A Section Devoted to Old-Car Matters
Another one lost.—This 1899 Daimler Phoenix racing car has been bought by Daimler-Benz A.G. for their Stuttgart Museum. Only surviving example of five, its first owner was Count Eliot Zborowski. In 1901, over lunch in his Richmond Hill home according to Mercedes-Benz, he sold it to a Mr. Coventry of Monkton Park, Chippenham. This gentleman ran this fearsome Mercedes until 1912, after which it powered a circular saw on his estate. In 1954 it was disposed of to F. W. Hutton-Stott, who painstakingly restored it to its former glory. Now, alas, it is lost to our historic racing-car events.
V.S.C.C. Silverstone Race Meeting (July 26th)
Held in a heat wave, the second Silverstone Race Meeting of the Vintage S.C.C. produced some excellent racing. There were the usual misfortunes in practice, with Lindsay’s monoposto Alfa Romeo and Black’s Monza Alfa Romeo hors de combat, Marsh changing a broken metric bolt in the differential unit of the ex-Seaman E.R.A., and a rod through the crankcase of Farquhar’s fast ex-Dixon Riley Nine.
The programme opened with the traditional One-Hour High-Speed Trial, from which Cairnes’ Alvis retired after crashing and from which Jones’ Aston Martin, Daniel’s 2-litre Lagonda and Ashton’s Fiat were also eliminated and in which those who failed to make the required number of laps were Wittridge’s 4½-litre Lagonda> Warne’s Riley and Draper’s Salmson.
The first race was a five-lap handicap in which Mrs. Pilkington’s well-known blown 1750 Alfa Romeo led for the first three laps, having moments at Woodcote as she strove to keep ahead of the back-markers. They swept by, Major Bailey just getting home first in his shortened Derby Bentley boy’s racer ahead of Archdale’s plastic-bodied Frazer Nash Special and Collings’ 1928 4½-litre Bentley. Bailey was lucky to win, as his bonnet was lifting; had there been another lap to go he might well have been called in. Denis Jenkinson was a creditable fourth from scratch in Talbot BGH 23.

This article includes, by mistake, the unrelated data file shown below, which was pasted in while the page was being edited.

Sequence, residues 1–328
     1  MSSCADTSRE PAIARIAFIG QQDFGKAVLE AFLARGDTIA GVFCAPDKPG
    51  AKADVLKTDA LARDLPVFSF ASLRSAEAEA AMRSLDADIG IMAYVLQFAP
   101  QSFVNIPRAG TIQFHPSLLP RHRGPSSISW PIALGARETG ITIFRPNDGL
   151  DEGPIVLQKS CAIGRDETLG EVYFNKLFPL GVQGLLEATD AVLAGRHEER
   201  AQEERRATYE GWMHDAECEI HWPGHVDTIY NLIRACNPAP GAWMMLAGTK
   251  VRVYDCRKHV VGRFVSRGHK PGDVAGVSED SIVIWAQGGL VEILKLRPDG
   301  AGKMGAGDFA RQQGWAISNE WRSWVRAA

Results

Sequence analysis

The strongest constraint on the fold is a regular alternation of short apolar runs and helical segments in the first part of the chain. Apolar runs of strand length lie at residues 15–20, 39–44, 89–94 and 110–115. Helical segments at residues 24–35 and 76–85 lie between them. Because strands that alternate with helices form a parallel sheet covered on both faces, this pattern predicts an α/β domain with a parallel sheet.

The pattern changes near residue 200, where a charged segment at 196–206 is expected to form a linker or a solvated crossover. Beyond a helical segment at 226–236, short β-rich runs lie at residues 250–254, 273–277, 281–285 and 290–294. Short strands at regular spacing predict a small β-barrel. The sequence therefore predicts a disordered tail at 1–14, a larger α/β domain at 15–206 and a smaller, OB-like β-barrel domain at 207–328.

Another of these five-lappers followed, Buttle’s 1921/4 Austin Twenty Special, with twin S.U.s, fabric body, hydraulic four-wheel brakes and front axle and the traditional disc-shaped brake and clutch pedal plates rather amusingly drilled for lightness, going very smoothly to lead until the last lap, when Adnam’s Alvis-powered Frazer Nash, Thomas’ straight-eight Railton and Mrs. Cherrett’s blown 1½-litre Alfa Romeo, in a new coat of cream, all came by, to occupy the first three places in that order. Ulph’s blown Austin Cambridge Special also passed the big Austin, while Barbet’s 1926/9 Austin Chummy, with small rear wheels and a four-speed gearbox with bottom gear blanked off, had a great dice with Martin’s Austin Nippy, having taken Shoosmith’s straight-eight T.T. Sunbeam, which had jerked away from the line, on the outside at Woodcote. Lewis-Hall drove his 1929 Frazer Nash with its screen up, looking unexpectedly touring, and Alderson’s Riley, a Grebe replica constructed from an Adelphi saloon, was left on the starting line.
These short races acted as curtain-raisers to the 10-lap Boulogne Trophy Race for vintage racing cars. Neil Corner had bought the 1934 4-litre twin-blower V12 Sunbeam which won last year, driven by the Hon. Patrick Lindsay, from Sir Ralph Millais, with the express intention of winning this race. He did so, leading all the way, setting a new vintage racing car lap-record of 79.3 m.p.h., and pulling out an ever-increasing lead from Williamson in the 10½-litre V12 Delage, which has never gone better, doing 2,800 to 2,900 r.p.m., equal to about 120 m.p.h. down the straight and being cornered with matching abandon. So two ex-Land Speed Record holders were first and second in this splendid race. In fact, St. John’s G.P. Bugatti held second place for two laps but then retired with a fluffing engine. The third, fourth and fifth places were occupied throughout, from lap 5, after St. John had gone, respectively by Hines Bentley, Rippon’s G.P. Bugatti and Morley’s Bentley. Kain’s Type 35B Bugatti, using its small Jaguar-disc back wheels, was never in the picture, coming in for a plug change on the second lap, with too much oil in the cambox, and Clamp’s Riley Nine, Densham’s 30/98 Vauxhall and the A.B.C./G.N. retired. Sant finished in the 200-Mile Race Akela G.N., on original-size tyres, and several ex-Brooklands cars were competing, including Philip Mann’s Straker-Squire which, as the only so-called Edwardian, won the Edwardian prize. The other class winners were Clarke’s Ulster Austin, Joseland’s Frazer Nash “Terror II”, Rippon’s Bugatti, and the winning Sunbeam.